A research article published in PLOS Medicine contributes to the evidence base regarding the use of population charts for detection of fetal growth disorders and how best to determine risk of complications.
In the article, Stamatina Iliodromiti from the University of Glasgow, UK, and colleagues found birth weight ≤25th or ≥85th centile to be associated with greater risk of adverse outcomes compared with birth weight within these cutoffs, suggesting an expansion of the definition of 'fetus at risk' beyond the ≤10th or ≥90th centile range that is commonly used to trigger surveillance of fetal well-being and/or delivery. In this study, the researchers used routinely collected data from 979,912 term singleton pregnancies over a 19-year period in Scotland and externally validated the findings in an independent UK cohort including 10,515 pregnancies. They further estimated that by offering delivery to women outside of the 25th to 85th centile (rather than the traditionally used 10th and 90th centiles), an additional 1143 deliveries would be required to prevent one fatal event (422 additional deliveries at or below 25th centile; and 721 additional deliveries at or above the 85th centile).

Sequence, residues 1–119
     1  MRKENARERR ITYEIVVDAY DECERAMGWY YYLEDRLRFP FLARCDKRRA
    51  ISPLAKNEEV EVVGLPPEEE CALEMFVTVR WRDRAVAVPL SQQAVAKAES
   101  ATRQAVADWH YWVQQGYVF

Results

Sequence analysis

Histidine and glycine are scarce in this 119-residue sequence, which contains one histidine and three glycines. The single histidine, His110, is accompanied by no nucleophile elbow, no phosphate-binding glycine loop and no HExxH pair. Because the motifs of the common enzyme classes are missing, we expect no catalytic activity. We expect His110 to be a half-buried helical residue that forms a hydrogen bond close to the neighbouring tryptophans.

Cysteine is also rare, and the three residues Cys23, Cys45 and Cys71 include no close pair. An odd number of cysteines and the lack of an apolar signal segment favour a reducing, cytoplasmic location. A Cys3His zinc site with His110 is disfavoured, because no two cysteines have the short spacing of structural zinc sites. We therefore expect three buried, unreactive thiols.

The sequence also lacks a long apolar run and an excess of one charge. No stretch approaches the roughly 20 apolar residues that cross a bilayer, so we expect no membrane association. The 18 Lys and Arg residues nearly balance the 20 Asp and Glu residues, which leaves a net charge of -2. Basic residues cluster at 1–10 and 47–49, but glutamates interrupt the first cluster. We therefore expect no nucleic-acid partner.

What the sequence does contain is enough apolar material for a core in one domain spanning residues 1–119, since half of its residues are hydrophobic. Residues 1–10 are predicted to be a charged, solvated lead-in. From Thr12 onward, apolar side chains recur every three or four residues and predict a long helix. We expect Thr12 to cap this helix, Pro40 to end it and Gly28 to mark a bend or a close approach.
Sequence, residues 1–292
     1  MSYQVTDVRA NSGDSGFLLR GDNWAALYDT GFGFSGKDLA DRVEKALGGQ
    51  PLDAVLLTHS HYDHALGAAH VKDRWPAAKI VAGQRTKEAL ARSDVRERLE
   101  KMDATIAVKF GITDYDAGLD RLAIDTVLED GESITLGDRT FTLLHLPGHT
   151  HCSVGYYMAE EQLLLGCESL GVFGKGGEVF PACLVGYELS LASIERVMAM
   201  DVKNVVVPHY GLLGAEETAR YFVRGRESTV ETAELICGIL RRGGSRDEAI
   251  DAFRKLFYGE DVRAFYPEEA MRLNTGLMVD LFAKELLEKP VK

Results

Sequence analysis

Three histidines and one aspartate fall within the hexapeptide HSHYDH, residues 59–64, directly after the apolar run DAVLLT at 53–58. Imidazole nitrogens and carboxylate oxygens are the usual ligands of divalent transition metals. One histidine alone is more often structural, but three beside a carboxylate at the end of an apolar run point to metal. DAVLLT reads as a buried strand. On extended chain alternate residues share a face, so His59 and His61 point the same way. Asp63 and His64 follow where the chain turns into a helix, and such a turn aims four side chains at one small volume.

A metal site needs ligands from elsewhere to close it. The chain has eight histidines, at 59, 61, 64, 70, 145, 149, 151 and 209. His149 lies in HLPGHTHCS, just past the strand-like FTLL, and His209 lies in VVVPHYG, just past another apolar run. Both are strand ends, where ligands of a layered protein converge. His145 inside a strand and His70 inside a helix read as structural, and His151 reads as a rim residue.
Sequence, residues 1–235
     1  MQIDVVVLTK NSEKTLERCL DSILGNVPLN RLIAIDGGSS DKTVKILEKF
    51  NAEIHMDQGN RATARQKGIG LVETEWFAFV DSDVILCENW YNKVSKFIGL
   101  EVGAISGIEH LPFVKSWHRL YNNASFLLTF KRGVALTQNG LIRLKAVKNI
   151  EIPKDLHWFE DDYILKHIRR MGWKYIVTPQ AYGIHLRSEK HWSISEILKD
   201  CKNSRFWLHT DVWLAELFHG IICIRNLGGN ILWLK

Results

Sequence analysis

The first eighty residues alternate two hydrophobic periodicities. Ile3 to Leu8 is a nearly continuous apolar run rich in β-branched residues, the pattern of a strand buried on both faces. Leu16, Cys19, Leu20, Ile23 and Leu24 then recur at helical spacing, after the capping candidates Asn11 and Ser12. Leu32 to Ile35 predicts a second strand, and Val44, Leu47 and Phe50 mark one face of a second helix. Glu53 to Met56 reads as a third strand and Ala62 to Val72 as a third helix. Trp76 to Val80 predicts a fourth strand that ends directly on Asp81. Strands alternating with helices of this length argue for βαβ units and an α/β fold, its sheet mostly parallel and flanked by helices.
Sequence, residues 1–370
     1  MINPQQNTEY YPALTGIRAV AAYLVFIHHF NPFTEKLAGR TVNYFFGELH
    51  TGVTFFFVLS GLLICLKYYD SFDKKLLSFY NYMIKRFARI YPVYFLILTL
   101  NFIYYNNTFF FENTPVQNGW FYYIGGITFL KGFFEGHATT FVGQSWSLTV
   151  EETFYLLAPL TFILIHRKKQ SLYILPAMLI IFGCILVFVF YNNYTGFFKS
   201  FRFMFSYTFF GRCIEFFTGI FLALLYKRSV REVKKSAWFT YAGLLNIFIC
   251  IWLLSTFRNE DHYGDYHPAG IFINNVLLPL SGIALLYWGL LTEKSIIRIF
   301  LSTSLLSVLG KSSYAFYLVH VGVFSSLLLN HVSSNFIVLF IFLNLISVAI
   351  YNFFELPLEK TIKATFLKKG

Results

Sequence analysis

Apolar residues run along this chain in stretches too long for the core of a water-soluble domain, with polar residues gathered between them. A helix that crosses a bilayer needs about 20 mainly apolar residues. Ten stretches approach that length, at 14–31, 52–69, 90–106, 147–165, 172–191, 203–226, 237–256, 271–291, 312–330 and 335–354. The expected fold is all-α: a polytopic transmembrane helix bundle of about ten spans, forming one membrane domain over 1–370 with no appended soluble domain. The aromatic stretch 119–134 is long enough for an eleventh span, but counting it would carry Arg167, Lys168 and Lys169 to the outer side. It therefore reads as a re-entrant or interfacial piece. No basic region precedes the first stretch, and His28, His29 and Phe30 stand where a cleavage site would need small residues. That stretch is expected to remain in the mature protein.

In a linked Guest Editorial, Sarah Stock from the University of Edinburgh and Jenny Myers from the University of Manchester, UK acknowledge that these two research articles "support the concept that robustly developed population growth standards are appropriate for the diagnosis of fetal growth disorders, but that thresholds of risk that are relevant to local populations should be considered." They continue: "Whatever method is used, the benefits of detecting fetal growth disorders can only be realized if we can effectively reduce risk of complications."
SI is funded by a UK Medical Research Council skills development fellowship (MR/N015177/1). DAL works in a Unit that receives funding from the University of Bristol and the UK Medical Research Council (MC_UU_12013/5); she is a National Institute of Health Research (NIHR) Senior Investigator (NF-SI-0611-10196). This work is also supported by the NIHR through the University of Bristol NIHR Biomedical Research Centre (BRC) and the University of Cambridge BRC. The funders had no role in study design, data collection and analysis, decision to publish, or preparation of the manuscript.
Article: Customised and Noncustomised Birth Weight Centiles and Prediction of Stillbirth and Infant Mortality and Morbidity: A Cohort Study of 979,912 Term Singleton Pregnancies in Scotland, Iliodromiti S, Mackay DF, Smith GCS, Pell JP, Sattar N, Lawlor DA, et al., PLoS Medicine, doi:10.1371/journal.pmed.1002228, published 31 January 2017.
Editorial: Defining Abnormal Fetal Growth and Perinatal Risk: Population or Customized Standards? Stock SJ, Myers J, PLoS Medicine, doi:10.1371/journal. pmed.1002229, published 31 January 2017.